Skip to content

Boehner Questions Obama’s Strategy to Combat Terrorism

House Minority Leader John Boehner (R-Ohio) on Tuesday blasted the Obama administration’s handling of national security and accused it of repeatedly putting campaign promises before the safety of the country.

Boehner’s speech this afternoon at the American Legion National Convention in Milwaukee, Wis., came just hours before Obama is set to deliver a prime-time address from the Oval Office to formally announce the end of combat operations in Iraq.

“Over the course of the last 20 months, it is clear our country’s overarching detention policy has been lost,” Boehner said. “We do not know the parameters for when, how, and under what circumstances we will capture, solicit information from, and detain illegal enemy combatants.”

Republicans have repeatedly criticized Obama for his handling of national security matters, including his call to close the Guantánamo Bay, Cuba, detention facility and the administration’s decision to read Miranda rights to Umar Farouk Abdulmutallab, who attempted to bomb an airplane on Christmas Day.

“We are a nation at war,” Boehner said. “A patchwork of political promises does not represent a coherent strategy to confront and defeat the terrorist threat.”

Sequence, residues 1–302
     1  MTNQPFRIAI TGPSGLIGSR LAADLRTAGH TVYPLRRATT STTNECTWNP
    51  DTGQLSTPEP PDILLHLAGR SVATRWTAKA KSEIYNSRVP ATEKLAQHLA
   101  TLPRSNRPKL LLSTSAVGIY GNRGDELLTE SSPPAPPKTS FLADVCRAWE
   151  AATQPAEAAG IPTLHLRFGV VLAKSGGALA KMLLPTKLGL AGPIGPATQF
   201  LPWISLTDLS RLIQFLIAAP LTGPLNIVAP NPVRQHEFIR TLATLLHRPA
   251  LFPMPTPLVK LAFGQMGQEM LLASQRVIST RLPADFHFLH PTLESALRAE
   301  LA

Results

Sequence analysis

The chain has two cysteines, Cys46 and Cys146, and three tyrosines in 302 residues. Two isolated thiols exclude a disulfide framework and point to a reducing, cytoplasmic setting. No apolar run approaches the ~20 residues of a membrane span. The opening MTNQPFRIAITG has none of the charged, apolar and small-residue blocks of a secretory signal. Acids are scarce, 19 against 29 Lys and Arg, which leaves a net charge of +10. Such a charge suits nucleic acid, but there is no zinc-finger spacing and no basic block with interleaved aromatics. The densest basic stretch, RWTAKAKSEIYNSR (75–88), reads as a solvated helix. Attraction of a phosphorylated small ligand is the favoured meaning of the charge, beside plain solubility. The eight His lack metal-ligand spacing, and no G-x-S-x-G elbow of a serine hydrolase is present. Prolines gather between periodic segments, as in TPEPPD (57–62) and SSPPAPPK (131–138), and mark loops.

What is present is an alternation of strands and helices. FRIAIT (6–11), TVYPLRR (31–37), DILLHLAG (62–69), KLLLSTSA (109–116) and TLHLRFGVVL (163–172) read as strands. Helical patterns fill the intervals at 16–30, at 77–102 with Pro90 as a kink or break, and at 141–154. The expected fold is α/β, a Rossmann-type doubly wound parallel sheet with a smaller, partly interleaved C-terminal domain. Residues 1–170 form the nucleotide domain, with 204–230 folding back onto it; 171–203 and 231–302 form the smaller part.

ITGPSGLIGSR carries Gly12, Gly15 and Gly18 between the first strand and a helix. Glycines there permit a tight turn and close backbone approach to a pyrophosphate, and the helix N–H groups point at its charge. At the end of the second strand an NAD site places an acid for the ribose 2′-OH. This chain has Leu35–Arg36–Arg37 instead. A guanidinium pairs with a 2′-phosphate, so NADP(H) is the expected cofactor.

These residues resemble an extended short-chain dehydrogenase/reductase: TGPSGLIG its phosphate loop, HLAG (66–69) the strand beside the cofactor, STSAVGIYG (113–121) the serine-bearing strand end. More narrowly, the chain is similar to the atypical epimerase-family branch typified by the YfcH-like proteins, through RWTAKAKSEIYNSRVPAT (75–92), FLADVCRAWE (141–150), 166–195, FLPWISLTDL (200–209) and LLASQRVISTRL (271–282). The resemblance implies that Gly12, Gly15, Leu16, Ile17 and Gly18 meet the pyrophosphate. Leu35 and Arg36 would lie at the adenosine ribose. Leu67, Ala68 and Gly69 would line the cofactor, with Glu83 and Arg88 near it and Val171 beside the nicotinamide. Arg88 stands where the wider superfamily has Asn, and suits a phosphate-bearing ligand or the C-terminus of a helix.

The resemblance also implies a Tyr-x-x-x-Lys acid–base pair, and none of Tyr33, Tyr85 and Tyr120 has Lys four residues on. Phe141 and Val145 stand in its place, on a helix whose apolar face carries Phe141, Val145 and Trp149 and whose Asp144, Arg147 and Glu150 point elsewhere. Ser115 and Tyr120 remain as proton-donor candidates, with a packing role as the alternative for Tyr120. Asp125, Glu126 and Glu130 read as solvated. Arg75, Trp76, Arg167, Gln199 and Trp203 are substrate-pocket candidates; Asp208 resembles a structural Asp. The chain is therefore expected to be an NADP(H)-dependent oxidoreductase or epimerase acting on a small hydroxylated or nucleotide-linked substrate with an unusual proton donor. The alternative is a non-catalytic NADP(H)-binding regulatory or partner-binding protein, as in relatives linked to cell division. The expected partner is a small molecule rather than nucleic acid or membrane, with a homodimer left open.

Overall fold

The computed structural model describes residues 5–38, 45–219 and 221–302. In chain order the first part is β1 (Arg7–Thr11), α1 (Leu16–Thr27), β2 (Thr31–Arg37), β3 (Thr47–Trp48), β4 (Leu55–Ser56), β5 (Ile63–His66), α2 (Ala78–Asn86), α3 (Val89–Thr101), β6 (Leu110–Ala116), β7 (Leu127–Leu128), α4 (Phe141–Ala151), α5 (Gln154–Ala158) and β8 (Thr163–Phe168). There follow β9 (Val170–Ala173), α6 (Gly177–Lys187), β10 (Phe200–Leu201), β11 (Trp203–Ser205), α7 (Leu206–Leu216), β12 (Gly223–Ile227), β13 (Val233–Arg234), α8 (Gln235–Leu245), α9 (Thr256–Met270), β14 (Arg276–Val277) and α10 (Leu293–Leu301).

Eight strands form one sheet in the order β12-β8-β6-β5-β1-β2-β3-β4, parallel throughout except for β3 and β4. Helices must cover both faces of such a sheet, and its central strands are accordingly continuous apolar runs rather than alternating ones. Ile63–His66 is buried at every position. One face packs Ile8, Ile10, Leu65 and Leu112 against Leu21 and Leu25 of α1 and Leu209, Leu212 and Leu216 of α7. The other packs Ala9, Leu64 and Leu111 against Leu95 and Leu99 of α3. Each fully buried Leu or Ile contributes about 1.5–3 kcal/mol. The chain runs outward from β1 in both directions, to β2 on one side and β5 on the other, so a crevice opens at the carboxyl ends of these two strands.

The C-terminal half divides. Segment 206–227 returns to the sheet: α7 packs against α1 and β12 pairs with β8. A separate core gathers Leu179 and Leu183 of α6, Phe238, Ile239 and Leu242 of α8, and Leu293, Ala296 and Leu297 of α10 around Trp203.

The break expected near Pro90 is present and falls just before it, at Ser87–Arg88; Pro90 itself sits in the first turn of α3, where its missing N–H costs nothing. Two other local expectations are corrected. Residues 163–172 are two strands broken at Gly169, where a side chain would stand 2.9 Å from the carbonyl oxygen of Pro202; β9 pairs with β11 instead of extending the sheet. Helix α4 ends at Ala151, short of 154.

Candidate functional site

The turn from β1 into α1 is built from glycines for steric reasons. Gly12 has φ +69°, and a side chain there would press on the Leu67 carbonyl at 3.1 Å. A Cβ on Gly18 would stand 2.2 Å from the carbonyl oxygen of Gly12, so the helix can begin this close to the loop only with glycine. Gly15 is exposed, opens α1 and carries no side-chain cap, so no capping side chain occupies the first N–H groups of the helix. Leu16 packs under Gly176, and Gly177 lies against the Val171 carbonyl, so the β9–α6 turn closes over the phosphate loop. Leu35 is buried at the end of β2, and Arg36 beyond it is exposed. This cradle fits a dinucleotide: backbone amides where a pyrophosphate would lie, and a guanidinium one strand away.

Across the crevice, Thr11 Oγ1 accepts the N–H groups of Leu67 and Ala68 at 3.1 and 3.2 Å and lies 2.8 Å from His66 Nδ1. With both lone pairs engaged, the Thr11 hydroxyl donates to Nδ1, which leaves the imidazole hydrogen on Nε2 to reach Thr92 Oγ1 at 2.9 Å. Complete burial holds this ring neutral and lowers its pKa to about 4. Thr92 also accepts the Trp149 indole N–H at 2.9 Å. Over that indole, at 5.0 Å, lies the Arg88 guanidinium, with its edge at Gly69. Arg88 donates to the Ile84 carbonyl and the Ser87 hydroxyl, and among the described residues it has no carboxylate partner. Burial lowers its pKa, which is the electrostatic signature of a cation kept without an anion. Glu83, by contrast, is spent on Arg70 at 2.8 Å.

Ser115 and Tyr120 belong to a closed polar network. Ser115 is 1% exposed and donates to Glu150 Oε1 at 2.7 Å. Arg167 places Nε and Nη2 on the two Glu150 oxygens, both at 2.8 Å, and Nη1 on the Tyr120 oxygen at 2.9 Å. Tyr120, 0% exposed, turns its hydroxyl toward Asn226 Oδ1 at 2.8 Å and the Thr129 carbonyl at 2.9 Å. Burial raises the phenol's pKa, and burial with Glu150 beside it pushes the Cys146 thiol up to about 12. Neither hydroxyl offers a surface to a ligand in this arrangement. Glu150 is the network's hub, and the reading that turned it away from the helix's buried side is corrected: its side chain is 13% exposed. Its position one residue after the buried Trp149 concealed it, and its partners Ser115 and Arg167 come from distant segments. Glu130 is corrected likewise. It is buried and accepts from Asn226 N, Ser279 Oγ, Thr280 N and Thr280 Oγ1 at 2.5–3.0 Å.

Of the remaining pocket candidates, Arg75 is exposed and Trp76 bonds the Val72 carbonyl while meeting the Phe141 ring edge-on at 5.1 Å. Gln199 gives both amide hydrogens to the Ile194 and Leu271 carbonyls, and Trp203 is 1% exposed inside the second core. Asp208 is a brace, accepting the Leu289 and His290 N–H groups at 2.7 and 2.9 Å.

Boehner used his speech to charge the administration with using campaign promises as a way to measure success in Iraq and Afghanistan, rather than making judgments based on conditions on the ground.

“Using campaign promises as a yardstick to measure success in Iraq and Afghanistan runs the risk of triggering artificial victory laps and premature withdrawal dates unconnected to conditions on the ground,” Boehner said. “After years of hard fighting — which has come at a high price — we cannot afford to underestimate the impact our domestic debates and political hedging have on decisions made by friend and foe alike.”

Boehner also questioned the administration’s relationship with Israel, warning against “naively” assuming “a nuclear-armed Iran would be containable.”

“Where I come from, you stick by your friends, you stick by people who share your values,” he said. “You do not send a message of strength to your enemies by shunning your friends and allies.”

Boehner’s speech in Wisconsin was the second in two weeks in which the would-be Speaker assailed the administration’s policies. Last week, Boehner took aim at the White House’s handling of the economy and demanded Obama ask Treasury Secretary Timothy Geithner and economic adviser Larry Summers to resign.

Recent Stories

Bipartisan prior authorization legislation introduced

House Republicans hold Garland in contempt over audio recordings

FDA, DOJ hammered on response to illegal vapes

Sneakerheads in Congress grow their footprint

Capitol Lens | House of Usher

Split screen: Biden heads to G7 summit as Trump returns to Capitol Hill